Why should anyone listen to me?

Really. Why me and not Shoshana? Or Ahmed? Or Yoshi? Or Sanjit? Or any of tons of other people. Why should anyone listen to me, and think that I speak authoritatively for God?

More to the point, if God really wants to get his message to people, if God really wants people to listen, and to know that this isn’t just another Bozo claiming to speak for him, why doesn’t he just do it himself, in a voice that we’ll all know is his?

Many years ago, I read a reprint of a short story that appeared in the August 1948 issue of Cosmopolitan called The Next Voice You Hear. It was about how in the years not too far after the end of World War II, God decided to take over all the radio stations in the world for a short broadcast at the same time every night for a week, to let people know that he was there, and to encourage them to get along with each other and do right by each other.

And this brings me back to my original question: Why should anyone listen to me…a person full of his own biases and misconceptions, who is bound to get things wrong, even with the best of intentions? For that matter, why should anyone listen to Shoshana, Ahmed, Yoshi, or Sanjit?

What I’d really like is to turn on the radio for a week…


Tuesday, May 22, 2018

The Steel Idol

Another school shooting.

Another damned school shooting.

And the lieutenant governor of Texas had the nerve (but not the courage) to say that the problem is that we have devalued life.

This is partially true…some have devalued life, and placed too much value on the right to own any damn gun they please, and take it anywhere they want.

He bemoaned the lack of religion in schools and our lives. I bemoan the lack of religion that tells us it’s important to protect our children, and trading it for the mess of pottage that is, again, the right to own any damn gun we please, and take it anywhere we want.

You want to talk about the role of religion in the wake of this latest shooting? Fine. I can do that. Aaron and the ancient Hebrews had their idol made of gold in the shape of a calf. We have ours made of steel, in the shape of a gun. And we are sacrificing our children to it.

I thought at first when the usual suspects talked about more armed guards, fewer entrances and exits to schools (a fire hazard), and armed teachers, that they had a failure of imagination, because they couldn’t think of other ways that a shooter with a powerful enough weapon could create massive carnage. I didn’t want to mention how easily that could happen lest I give anyone some horrible ideas. But it turns out that what these people have is a failure of memory…because you might remember that the Las Vegas shooting took place in a way that no security guard could’ve stopped, that decreasing the number of entrances and exits wouldn’t have prevented, and no “good guy” with a gun could’ve ended sooner.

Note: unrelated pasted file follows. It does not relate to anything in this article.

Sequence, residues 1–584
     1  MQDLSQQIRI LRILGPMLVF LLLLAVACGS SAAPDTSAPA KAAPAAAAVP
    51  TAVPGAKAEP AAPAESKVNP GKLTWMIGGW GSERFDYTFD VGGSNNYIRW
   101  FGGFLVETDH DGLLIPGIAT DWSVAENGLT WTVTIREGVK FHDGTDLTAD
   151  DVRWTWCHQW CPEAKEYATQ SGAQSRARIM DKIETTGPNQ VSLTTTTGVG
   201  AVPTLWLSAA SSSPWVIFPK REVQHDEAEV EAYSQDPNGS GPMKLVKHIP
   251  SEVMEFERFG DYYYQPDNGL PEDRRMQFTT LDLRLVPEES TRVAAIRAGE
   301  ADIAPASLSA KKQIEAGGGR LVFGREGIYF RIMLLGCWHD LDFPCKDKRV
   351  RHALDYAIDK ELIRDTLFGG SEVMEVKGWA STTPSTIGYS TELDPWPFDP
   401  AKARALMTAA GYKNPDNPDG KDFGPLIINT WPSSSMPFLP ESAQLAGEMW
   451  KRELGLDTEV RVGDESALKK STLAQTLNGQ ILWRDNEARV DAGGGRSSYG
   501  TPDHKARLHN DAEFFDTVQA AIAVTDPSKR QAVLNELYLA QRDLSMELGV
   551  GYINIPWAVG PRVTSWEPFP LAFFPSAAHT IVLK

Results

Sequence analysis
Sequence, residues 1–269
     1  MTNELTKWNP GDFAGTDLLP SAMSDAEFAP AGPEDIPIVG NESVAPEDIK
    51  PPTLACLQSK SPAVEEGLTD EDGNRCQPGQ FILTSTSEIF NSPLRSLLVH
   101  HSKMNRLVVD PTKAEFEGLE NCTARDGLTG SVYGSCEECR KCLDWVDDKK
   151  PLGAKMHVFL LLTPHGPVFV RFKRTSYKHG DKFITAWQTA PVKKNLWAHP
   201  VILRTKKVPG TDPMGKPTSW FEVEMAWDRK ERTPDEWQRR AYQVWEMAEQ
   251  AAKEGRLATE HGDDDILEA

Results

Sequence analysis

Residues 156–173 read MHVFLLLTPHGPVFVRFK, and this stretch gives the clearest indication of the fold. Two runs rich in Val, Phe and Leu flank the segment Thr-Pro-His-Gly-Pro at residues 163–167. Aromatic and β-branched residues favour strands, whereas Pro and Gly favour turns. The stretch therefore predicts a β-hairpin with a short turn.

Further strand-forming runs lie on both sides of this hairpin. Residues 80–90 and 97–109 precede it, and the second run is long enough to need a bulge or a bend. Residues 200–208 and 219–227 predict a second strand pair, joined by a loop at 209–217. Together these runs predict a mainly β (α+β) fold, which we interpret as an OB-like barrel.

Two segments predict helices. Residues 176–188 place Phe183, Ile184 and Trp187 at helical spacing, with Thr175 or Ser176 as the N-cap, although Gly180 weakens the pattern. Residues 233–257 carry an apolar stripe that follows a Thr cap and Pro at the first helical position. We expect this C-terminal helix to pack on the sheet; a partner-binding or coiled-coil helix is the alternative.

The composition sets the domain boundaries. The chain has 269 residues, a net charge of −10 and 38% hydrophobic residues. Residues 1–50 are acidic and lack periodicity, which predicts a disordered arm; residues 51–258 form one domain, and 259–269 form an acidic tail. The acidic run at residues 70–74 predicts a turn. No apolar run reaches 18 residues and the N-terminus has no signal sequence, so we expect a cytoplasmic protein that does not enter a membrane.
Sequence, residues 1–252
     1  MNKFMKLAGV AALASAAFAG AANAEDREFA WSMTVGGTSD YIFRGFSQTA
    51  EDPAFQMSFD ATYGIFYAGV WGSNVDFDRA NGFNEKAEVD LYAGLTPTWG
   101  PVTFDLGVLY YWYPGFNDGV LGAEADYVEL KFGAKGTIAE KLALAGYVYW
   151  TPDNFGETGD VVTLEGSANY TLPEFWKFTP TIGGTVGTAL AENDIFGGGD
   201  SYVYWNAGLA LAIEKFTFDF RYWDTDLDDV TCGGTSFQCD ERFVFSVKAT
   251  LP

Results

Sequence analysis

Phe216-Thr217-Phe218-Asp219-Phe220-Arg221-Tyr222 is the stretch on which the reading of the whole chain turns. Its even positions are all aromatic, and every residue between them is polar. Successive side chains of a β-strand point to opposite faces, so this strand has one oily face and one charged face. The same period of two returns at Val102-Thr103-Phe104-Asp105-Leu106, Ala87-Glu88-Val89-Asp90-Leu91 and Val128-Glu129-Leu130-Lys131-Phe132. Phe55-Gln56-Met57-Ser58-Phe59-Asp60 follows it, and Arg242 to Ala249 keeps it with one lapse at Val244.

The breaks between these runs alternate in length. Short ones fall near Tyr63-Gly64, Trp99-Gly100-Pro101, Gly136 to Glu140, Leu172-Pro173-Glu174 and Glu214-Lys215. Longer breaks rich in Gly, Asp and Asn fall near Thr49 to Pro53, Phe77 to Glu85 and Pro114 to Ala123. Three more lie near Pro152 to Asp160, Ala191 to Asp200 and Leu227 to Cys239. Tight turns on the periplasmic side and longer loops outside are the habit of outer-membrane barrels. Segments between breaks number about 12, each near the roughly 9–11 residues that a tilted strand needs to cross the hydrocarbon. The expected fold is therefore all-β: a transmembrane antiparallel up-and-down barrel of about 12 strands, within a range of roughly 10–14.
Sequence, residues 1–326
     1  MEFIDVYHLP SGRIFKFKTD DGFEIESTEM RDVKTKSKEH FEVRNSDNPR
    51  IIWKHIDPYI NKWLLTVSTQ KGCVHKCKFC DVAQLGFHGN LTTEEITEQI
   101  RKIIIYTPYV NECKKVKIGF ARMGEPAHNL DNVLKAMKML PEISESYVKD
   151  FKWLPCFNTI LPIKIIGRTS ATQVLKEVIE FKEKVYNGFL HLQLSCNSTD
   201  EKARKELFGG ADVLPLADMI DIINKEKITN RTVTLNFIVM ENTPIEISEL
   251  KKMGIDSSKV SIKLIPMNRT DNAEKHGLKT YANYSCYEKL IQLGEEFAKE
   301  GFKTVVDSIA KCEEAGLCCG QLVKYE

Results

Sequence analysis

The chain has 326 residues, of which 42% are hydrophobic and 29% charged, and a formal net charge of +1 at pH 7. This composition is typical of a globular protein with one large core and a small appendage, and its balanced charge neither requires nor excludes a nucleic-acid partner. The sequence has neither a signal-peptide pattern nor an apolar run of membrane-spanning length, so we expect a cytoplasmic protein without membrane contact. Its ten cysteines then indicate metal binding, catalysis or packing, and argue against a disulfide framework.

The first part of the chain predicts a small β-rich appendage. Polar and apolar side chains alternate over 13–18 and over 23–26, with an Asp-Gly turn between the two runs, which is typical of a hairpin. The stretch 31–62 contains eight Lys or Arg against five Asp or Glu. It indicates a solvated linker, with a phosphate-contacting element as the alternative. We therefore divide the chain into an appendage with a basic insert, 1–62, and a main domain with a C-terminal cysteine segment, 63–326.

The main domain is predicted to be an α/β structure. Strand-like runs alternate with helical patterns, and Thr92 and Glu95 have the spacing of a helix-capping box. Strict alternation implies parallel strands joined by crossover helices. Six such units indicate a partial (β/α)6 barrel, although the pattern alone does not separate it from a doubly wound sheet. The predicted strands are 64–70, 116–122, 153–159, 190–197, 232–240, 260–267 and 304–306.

In short, you can make every school in the country an armed camp in order to protect your right to own guns that no one has a chance against, and someone perched up on a hill can still pick people off from a distance.

Then what will you say? Then what solution will you give that involves everything except dealing with the gun problem?

Yes, I admit that there are other issues involved here too. We have a serious anger problem in this country. A serious problem with people thinking that if they don’t get what they want when they want it, someone has to pay for it. And when you combine that anger problem with our gun culture, it’s like combining a lit candle with gasoline. We’re no longer content to just punch someone out, we want to kill them…and we can.

Fortunately, the governor of Texas is a wiser man than his second in command, and wants to put everything on the table in order to prevent this from happening again. Some people doubt that anything will come of this because he’s been known as a strong pro-gun person, but sometimes, as Spock said in Star Trek VI: The Undiscovered Country, “Only Nixon can go to China.”

Let’s hope that he’s able to successfully go to China…and is able to come back with enough imagination to destroy this idol made of steel.

Tuesday, May 8, 2018

Mother's Day from a Different Angle

The second Sunday in May is hard on two distinct groups of people. The first is childless women who feel that they were denied something that they always wanted, and hate having that denial thrown in their faces. The second is those who have lost their own mothers in the past year, and hate having that thrown in their faces. As a result, many women decide to stay home that day, and many churches wrestle with observing this day, which grew out of the Sunday school movement of the late 19th century.

Mother’s Day, the creation of Anna Jarvis, as a memorial to her own mother, is that 900-pound gorilla that many churches no longer make a big deal about out of fear of pouring salt in the very raw wounds of some of the women in their congregations. And many of them get out of this by saying “It’s not even a church holiday anyway. It’s not Biblical, so why should we do it?” Well…All Saints Day isn’t Biblical either; and there was some point in the past when it wasn’t on any church calendar…until it was. And despite what many people erroneously think about it because of what it has become, Mother’s Day is not a “Hallmark Holiday”; Hallmark wasn’t even founded until two years after the first official Mother’s Day celebration at St Andrew’s Methodist Church in 1908. They simply made a mint off of the way that most people wanted to observe it.